Special thanks to Garth Amundson and his talented students for displaying their work here at Western Libraries!

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Visit from Award-Winning Author

Kwame Alexander to Speak @Bellingham High School 

Western Libraries and PoetryCHaT are sponsoring a special event featuring award-winning writer Kwame Alexander.

 

Alexander, recipient of the 2015 Newbery Medal and a Coretta Scott King Author Honor for his novel in verse, The Crossover,  will appear from 6:30-7:30 pm on Wednesday, October 21st at Bellingham High School. Doors will open at 5:45pm for poetry displays and live readings by area youth.

 

This presentation is free and open to the public.

 

During the presentation, Alexander will talk about The Crossover, which tells the story of the complicated relationship between twin brothers who share a love for basketball. A question and answer session will follow, and copies of Alexander’s books will be available for sale and signing.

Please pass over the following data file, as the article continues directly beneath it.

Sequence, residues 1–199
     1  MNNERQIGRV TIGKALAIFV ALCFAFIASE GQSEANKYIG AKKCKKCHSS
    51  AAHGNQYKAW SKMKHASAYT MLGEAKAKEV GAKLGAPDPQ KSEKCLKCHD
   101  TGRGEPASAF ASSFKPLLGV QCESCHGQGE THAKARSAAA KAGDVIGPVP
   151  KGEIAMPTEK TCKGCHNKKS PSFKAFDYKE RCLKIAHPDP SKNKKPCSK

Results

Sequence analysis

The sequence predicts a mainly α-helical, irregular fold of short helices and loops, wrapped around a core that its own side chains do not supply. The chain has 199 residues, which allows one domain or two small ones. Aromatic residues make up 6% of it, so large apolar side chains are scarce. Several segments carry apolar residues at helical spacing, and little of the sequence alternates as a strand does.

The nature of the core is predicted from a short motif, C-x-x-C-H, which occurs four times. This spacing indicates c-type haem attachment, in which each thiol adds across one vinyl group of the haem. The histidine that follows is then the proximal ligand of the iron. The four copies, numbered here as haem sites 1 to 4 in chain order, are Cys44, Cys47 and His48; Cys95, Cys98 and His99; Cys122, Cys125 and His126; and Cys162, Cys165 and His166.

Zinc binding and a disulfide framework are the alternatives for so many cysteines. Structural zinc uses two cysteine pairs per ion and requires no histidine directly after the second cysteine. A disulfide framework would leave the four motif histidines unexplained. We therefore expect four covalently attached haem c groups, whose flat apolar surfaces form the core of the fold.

Alexander is a poet, educator, and bestselling author of 21 books. He regularly travels the world as a literacy advocate and expert, and has owned several publishing companies. He has also written for both stage and television, recorded a CD, produced jazz and book festivals, hosted a radio show and taught high school English.

 

The talk is being offered in celebration of the newly-established PoetryCHaT collection, an initiative at Western Washington University to create a distinctive collection of children and teen poetry books, curricular resources for educators and information about poetry events and programming.

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TLA begins October 7th & 8th

Fall Quarter 2015 TLA

The Teaching-Learning Academy (TLA), the campus-wide dialogue forum to study and enhance the learning environment at Western Washington University, begins Wednesday, October 7th.  TLA welcomes faculty, staff, students and community members and offers four dialogue group options to accommodate busy schedules: Wednesdays and Thursdays from noon to 1:20pm or from 2pm to 3:20pm.